Uniregistry is to massively increase the price of some of its under-performing new gTLDs in an effort to keep them afloat.
Sixteen TLDs from the company’s portfolio of 27 will see price increases of up to 3,000% starting September 8, CEO Frank Schilling confirmed to DI today.
“We need more revenue from these strings, especially the low volume ones, without question,” he said. “We can’t push on a string and stoke demand overnight. So in order for that string to survive as a standalone it has to be profitable.”
While domainers have taken to new gTLDs in greater numbers than Schilling anticipated, demand among worldwide consumers has been slower than expected, Schilling said.
“If you have a space with only 5,000 registrations, you need to have a higher price point to justify its existence, just because running a TLD isn’t free,” he said.
The alternative to repricing would be to sell the TLD in question to a competitor, which in turn would then be forced to reprice anyway, he said.
The TLDs seeing the biggest price hikes are .hosting and .juegos (Spanish for “games”) which are going up from about $20 retail and about $10 retail respectively to about $300 apiece.
Schilling said he believed that true web hosts could afford the new pricing. The .juegos increase is modeled on what Uniregistry has been doing with .game, which currently retails for closer to $400.
At the budget, sub-$10 end of the portfolio, .click and .link are to see fees rise by a buck or two per year.
Names in .audio, .blackfriday, .diet, .flowers, hiphop .guitars and .property, currently priced in the $10 to $25 range, will all start retailing for about $100 per year.
The other affected TLDs are .christmas, .help, .sexy and .tattoo, which will all see big increases but stay in the sub-$100 range.
The TLDs seeing the biggest price increases are among the ones with the fewest registrations — .juegos has about 1,000 names in its zone, while .hosting has fewer than 6,000. Most of the 16 TLDs have fewer than 10,000 names in their zones.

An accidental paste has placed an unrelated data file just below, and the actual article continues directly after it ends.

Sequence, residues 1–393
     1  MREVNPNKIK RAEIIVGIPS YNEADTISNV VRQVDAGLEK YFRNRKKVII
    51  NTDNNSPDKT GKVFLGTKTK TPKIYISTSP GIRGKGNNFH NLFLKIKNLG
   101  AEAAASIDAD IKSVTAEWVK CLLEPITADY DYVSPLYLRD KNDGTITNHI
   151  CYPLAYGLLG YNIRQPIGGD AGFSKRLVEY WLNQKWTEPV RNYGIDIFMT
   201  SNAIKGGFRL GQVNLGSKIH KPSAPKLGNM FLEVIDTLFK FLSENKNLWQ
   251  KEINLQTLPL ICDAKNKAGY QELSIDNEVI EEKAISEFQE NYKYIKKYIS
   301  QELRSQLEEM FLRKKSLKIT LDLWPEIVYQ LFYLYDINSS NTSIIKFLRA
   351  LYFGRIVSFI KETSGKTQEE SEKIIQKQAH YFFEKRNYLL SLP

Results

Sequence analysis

Uniregistry is no stranger to highly-priced domains. It runs .cars, .car and .auto, where it sells every domain at $2,888 a year retail (with no reserved premiums) but has fewer than 500 names in each zone.
Schilling said that in some ways he prefers this model to the more standard model of low-price base fees with high-price premiums.
The higher prices will likely lead in the short term to lower registration numbers (as speculators flee) but will give Uniregistry more cash to invest in marketing.
“That metering effect of high prices, we like that, in terms of trying to grow the namespace, and it gives us money we can use to try to market the strings to prosperity,” Schilling said.
“At a higher price point, the marketing can scale, but we just can’t do it on base registrations of ten bucks or twenty bucks,” he said.
He added that the higher base fee gives Uniregistry more flexibility to provide periodic discounts.
ICANN rules make it much easier to have a high base fee and keep it regularly discounted than to periodically increase fees, which requires six months notice.
“Between renewals promotions and pricing promotions, a lot of the effects of the price increases will be moot,” Schilling said.
Because the new prices don’t kick in until September, registrants are able to lock in pricing at current levels by renewing for up to 10 years.
While the price increases and Schilling’s relatively gloomy commentary will certainly fuel opponents of new gTLDs, whom are legion, Schilling is still bullish on the market, which he continues to characterize as a marathon rather than a sprint.
“Within ten years, will it be bigger? Absolutely. It’ll be quintuple what it is today,” he said. “But we need to get to 10 years, and to keep the lights on between here and there we need higher prices, without question.”